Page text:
Protecting Eyes, Hands, and Respiratory System While Soldering

Thread Starter


Joined Jul 18, 2023
Hi everyone,

I've been lately doing some persomal electronics projects, particularly in the FPV drone assembly. These projects often necessitate the use of a soldering iron. Even though I'm enjoying the journey, I'm becoming increasingly aware of the potential health and safety hazards tied to soldering.

My main concerns relate to my eyes and hands, as they are usually quite close to the soldering action. Furthermore, the distinctive smell of the solder has led me to wonder if breathing in these fumes could have detrimental effects.

What protective measures can be taken to shield my eyes during soldering? Is wearing everyday eyeglasses sufficient, or should I consider investing in safety goggles?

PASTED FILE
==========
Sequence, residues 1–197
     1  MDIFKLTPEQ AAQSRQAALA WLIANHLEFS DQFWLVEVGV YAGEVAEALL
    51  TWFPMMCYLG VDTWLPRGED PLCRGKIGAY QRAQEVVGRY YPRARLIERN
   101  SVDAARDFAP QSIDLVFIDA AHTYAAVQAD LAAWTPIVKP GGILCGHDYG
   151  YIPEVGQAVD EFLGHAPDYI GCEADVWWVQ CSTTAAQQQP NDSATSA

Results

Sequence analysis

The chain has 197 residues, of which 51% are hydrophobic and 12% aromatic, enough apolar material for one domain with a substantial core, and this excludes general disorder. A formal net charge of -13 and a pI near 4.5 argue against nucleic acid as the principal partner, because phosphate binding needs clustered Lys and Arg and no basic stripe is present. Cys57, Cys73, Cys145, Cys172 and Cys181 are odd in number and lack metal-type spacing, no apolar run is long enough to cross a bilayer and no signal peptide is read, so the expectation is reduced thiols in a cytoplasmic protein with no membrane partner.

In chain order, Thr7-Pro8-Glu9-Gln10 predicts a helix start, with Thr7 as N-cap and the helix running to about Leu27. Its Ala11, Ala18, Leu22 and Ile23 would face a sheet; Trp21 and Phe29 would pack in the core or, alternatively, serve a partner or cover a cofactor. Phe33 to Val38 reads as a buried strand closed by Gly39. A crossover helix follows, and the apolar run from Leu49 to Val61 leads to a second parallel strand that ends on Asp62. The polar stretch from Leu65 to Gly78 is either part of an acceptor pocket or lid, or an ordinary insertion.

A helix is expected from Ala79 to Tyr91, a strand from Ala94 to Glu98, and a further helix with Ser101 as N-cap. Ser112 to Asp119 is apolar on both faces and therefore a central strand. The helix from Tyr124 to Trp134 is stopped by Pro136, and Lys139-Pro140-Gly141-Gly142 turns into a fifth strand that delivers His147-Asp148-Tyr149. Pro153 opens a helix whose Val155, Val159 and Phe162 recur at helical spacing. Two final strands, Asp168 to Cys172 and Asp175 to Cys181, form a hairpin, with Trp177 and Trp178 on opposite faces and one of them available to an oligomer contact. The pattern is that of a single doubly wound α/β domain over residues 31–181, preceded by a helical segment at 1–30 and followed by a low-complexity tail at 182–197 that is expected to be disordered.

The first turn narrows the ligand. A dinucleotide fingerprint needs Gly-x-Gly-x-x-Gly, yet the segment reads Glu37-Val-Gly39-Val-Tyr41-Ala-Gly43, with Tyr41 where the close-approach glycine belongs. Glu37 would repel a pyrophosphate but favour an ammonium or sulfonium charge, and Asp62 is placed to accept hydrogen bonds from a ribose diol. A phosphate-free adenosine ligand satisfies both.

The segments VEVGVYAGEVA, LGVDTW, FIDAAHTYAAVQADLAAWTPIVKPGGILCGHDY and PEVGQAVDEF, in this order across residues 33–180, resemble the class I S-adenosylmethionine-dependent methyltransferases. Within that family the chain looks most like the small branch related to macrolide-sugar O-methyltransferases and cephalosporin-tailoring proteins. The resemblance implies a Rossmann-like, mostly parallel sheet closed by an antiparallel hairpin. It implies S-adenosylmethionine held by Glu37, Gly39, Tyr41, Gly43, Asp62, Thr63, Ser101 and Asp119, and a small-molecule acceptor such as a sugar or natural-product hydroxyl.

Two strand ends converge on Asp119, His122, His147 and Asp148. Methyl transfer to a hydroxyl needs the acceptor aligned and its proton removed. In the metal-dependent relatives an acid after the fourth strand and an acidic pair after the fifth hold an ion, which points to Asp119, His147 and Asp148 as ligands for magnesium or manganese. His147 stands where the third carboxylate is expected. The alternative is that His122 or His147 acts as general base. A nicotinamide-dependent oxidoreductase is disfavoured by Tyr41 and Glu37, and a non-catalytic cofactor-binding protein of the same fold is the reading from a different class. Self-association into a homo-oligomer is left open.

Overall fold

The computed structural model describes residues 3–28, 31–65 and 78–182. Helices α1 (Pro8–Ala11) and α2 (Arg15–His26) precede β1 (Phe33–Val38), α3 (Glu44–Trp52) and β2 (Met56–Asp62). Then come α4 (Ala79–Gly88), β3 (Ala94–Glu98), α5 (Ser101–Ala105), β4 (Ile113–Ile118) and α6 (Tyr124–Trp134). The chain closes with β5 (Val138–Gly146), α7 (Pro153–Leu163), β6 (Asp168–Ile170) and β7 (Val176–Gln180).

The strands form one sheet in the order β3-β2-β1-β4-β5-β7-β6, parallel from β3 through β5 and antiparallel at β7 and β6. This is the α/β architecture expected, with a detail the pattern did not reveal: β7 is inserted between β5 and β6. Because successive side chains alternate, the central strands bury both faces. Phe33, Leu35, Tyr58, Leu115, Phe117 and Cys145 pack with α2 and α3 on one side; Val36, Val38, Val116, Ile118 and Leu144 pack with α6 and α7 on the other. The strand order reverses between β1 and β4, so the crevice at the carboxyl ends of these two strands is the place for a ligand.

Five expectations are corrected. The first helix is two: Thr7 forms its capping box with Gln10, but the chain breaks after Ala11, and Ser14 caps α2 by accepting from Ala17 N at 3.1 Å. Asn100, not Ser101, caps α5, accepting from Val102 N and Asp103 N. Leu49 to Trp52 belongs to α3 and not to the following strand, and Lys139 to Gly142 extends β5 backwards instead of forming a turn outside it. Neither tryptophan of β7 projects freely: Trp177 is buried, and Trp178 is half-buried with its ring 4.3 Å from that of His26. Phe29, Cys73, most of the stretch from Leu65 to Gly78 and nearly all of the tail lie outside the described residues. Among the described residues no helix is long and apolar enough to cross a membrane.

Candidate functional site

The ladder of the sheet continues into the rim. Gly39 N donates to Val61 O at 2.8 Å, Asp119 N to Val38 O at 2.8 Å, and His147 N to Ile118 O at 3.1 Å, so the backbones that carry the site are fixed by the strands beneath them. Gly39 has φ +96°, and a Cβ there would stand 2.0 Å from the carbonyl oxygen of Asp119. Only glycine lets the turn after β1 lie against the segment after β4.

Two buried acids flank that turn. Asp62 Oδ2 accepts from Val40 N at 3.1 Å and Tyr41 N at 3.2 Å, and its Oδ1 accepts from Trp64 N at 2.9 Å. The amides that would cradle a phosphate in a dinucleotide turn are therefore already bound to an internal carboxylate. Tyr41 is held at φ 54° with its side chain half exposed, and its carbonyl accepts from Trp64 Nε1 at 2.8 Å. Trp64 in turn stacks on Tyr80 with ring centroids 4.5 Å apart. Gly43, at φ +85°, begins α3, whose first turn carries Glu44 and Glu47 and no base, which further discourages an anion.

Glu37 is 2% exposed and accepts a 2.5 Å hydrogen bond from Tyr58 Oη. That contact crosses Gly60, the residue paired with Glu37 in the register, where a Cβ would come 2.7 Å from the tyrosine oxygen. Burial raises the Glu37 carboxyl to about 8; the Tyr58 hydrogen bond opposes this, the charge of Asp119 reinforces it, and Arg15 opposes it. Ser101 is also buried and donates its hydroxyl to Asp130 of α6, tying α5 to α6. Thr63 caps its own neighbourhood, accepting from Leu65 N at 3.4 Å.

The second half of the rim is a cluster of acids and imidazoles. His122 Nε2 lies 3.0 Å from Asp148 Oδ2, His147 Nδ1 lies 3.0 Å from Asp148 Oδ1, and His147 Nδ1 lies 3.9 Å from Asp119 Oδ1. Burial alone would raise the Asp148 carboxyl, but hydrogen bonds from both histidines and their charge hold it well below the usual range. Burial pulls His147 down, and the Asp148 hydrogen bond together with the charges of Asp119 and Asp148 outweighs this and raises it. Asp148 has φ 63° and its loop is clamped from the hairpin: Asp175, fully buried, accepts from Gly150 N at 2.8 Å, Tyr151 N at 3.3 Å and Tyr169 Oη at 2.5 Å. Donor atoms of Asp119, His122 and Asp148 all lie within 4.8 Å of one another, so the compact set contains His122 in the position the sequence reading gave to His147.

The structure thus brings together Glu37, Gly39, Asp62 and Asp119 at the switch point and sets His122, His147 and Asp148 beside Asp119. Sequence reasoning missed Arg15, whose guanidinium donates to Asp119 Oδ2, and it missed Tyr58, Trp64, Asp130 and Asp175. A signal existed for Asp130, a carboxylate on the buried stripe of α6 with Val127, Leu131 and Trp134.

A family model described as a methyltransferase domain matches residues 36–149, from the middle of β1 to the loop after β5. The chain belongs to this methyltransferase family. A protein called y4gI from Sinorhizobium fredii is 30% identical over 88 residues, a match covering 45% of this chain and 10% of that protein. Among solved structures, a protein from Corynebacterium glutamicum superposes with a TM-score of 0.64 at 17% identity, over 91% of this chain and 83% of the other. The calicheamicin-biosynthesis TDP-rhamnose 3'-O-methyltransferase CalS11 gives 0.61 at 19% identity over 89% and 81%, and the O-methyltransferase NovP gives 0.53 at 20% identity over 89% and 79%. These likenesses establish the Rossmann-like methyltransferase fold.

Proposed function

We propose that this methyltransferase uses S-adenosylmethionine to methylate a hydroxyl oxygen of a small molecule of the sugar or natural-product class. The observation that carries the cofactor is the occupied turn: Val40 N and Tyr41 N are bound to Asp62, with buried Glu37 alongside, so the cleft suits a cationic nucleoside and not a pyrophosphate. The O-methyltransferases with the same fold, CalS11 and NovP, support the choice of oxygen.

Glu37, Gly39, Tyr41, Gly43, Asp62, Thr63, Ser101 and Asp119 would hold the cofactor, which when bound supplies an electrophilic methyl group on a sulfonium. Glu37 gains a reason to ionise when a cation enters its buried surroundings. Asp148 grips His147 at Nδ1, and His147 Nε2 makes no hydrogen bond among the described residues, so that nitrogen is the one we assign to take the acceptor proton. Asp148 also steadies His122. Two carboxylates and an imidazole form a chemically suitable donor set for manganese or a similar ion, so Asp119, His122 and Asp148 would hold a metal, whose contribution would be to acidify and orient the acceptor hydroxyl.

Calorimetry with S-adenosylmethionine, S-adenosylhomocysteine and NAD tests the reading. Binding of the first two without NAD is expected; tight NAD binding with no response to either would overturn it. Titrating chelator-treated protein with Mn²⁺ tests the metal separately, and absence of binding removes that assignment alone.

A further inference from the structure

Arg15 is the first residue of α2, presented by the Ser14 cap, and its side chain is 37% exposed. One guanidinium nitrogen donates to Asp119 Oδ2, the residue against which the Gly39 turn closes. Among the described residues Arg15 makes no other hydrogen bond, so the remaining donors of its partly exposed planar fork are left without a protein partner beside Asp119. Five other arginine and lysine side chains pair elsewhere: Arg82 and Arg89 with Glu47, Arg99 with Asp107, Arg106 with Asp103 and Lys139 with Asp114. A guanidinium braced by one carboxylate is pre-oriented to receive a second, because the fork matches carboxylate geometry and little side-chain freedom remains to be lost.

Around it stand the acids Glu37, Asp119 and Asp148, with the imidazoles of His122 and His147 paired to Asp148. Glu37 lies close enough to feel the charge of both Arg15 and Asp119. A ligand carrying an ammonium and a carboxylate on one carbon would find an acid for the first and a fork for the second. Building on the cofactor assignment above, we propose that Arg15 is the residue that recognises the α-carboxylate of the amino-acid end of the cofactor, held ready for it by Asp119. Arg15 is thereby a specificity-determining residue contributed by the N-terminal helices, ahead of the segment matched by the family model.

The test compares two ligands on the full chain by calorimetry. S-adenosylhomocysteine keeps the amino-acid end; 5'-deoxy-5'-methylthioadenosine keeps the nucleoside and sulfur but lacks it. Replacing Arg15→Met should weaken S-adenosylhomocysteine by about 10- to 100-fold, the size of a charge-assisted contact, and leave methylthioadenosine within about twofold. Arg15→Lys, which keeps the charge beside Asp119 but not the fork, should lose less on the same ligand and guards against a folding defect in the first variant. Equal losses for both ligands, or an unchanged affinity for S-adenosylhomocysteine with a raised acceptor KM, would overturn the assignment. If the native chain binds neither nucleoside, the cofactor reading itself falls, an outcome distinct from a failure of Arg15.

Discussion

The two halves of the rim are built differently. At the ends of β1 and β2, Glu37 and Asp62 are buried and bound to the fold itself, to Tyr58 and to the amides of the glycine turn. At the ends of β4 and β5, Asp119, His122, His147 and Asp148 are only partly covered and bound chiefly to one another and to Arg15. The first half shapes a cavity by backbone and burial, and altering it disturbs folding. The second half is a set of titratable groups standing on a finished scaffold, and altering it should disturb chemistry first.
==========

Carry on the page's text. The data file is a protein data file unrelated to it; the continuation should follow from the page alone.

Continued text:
As for protecting my hands, are there particular glove types recommended for soldering tasks?

Moreover, can the fumes generated during the soldering process pose a risk if inhaled? If so, what steps can I take to protect myself?

I would sincerely appreciate any guidance on these topics, particularly from those who have a considerable amount of experience in soldering.



Joined Dec 2, 2017
You are going to get a lot of answers all over the board about whether this is something to worry about or not, so I will just tell you what I do personally.

I have a small fan located on the table to gently blow the fumes from rising directly up into my face and I use a magnifying lamp that also avoids some of the fumes from reaching my face.

I keep the room well ventilated and always wash my hands afterward.